Batteries are a chemical storage system, you charge them (change the chemistry in the cell) and then release the energy as required later.

flutherother's avatar

It doesn’t have a future. All those cars on the road are going nowhere except the scrap heap of history.

dougiedawg's avatar

@ Tropical Willie-the biggest problem with the hybrid aircars has been a limited range and not enough engine heat but there is one that runs off the alternator once it is moving so it lessens the usage of stored air.
One of these days the car guys are going to make a breakthrough possibly in combination with lithium batteries or some other supplemental power source besides fossil fuel. Who knows when but we are not that far away from what I’ve read.

kritiper's avatar

@dougiedawg OK. But how much energy was used to make the batteries? And mine the elements to make the batteries?? Your idea sound Rube Goldberg-ish.

Tropical_Willie's avatar

@kritiper I think we lost the OP and . . . . .

talljasperman's avatar

@Tropical_Willie I’m still here… just having an after supper family sized bag of potato chips…All dressed I belive.

kritiper's avatar

In the mining industry, where tunnels are use to get to the ore, air powered locomotives are used to pull the ore cars. Ours had a compressed air tank of about 250 gallons, had a motor that was about 5 HP and had a maximum range of maybe 1 mile. Does this sound practical for an on-road vehicle? No.

bolwerk's avatar

What’s practical is reducing dependence on roads. It’s patently absurd to pay people to live so far away from everything that they need to drive to meet every basic need.

dougiedawg's avatar

The future of air car development aside, the development and redevelopment of mass transit in our major cities and outlying areas around them is what is needed to alleviate road congestion.

I think we can all agree on this and I would love to see a competition for best and most efficient design and redesign started by the mayors of our ten largest metro areas started in conjunction with some type of federal impetus and funding similar to the construction of our present interstate highway system.

Such a plan ideally would reduce the number of cars used daily to and from work and subsequently reduce pollution as well I believe.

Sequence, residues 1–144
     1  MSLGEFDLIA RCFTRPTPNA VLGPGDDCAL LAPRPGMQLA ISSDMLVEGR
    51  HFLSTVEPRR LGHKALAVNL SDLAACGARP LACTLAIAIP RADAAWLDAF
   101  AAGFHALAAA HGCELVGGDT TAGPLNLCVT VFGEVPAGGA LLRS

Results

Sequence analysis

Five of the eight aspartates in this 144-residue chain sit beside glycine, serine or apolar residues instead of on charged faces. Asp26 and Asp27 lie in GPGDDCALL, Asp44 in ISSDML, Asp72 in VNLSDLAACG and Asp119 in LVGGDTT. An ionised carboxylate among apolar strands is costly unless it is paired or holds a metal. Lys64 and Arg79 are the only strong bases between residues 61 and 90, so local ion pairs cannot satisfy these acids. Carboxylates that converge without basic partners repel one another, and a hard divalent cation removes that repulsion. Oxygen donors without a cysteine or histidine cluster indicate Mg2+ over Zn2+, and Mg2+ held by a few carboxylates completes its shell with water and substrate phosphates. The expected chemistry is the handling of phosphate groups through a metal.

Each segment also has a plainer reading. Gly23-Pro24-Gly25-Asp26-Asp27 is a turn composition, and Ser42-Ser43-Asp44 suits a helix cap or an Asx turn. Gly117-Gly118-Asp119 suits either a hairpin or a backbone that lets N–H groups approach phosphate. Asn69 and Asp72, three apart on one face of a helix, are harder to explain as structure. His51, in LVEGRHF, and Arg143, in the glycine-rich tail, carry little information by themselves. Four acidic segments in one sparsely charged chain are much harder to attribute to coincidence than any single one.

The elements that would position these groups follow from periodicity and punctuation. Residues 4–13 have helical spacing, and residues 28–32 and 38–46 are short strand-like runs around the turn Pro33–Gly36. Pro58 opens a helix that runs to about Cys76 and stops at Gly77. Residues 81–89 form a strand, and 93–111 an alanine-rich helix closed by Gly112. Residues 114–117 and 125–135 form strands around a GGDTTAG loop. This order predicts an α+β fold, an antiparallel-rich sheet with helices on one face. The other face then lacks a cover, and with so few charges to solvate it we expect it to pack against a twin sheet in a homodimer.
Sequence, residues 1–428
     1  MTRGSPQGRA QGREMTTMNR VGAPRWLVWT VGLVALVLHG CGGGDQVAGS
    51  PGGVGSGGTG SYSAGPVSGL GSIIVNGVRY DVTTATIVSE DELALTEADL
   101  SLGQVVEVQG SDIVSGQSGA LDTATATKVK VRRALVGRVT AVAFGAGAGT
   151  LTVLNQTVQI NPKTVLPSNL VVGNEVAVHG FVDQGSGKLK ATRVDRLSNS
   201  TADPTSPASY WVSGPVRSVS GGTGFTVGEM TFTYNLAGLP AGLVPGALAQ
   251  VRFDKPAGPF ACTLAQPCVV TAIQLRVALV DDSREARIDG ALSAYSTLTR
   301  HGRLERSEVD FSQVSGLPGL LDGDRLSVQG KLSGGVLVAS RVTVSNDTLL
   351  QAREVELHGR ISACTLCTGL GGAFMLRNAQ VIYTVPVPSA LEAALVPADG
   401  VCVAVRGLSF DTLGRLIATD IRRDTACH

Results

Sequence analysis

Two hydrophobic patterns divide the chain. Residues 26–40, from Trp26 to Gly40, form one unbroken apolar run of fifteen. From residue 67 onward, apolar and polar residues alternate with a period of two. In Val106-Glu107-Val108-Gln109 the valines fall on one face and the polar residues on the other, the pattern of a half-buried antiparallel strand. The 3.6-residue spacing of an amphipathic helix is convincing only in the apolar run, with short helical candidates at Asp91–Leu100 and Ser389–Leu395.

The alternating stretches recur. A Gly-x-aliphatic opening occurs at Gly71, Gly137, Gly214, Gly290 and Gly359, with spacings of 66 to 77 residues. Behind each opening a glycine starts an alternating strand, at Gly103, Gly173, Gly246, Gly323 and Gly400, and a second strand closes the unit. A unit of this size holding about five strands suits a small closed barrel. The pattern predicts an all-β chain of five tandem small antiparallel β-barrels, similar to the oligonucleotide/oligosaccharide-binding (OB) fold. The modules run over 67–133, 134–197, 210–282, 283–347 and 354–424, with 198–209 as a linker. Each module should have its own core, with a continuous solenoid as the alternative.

NanoNano's avatar

They’ve tried several approaches in the US but there is no political will to change things. What we really need is high speed rail running the length of the country.

China’s road network is soon to rival the US one in terms of size and complexity, and their’s will be brand new compared to our decaying infrastructure. They are still struggling with a high number of accidents however due to drivers not obeying the rules…

http://english.peopledaily.com.cn/90882/8292682.html

Cars that drive themselves are coming. It may ease congestion in heavily traffic areas, but I doubt their safety in high speed situaitons…

Is there really any congestion problem in Canada talliasperman?

bolwerk's avatar

A system of fully self-driving cars is still decades away.

HSR is well and good, but it doesn’t fill the local transportation needs that probably cause most traffic congestion.

NanoNano's avatar

Well, it would in certain parts of the country> Not in major metropolitan areas perhaps, but in areas like the Twin Cities to Chicago corridor. (There were plans for HSR here decades ago but it never got built because the states couldn’t work out amongst themselves how it would be paid for).

Don’t forget that much of the US is rural. So high speed rail running through Kansas, Nebraska, Montana, Nevada…you name it, would be a real boon to commuters who travel long distances day by day.

bolwerk's avatar

Building HSR, especially frequent/subsidized HSR, to rural areas encourages further suburbanization and traffic congestion in rural areas. HSR isn’t a “last mile” solution; people still need to get from HSR to their destinations by local transit.

But more than half the population of the USA is in the top 50 metropolitan areas. These are the places that should be linked by HSR, not rural areas.

talljasperman's avatar

@NanoNano I’ve been impatiently listening to traffic on the radio so I can get to other news… I was hoping if traffic was cleared up permanently that some time would be saved for other news.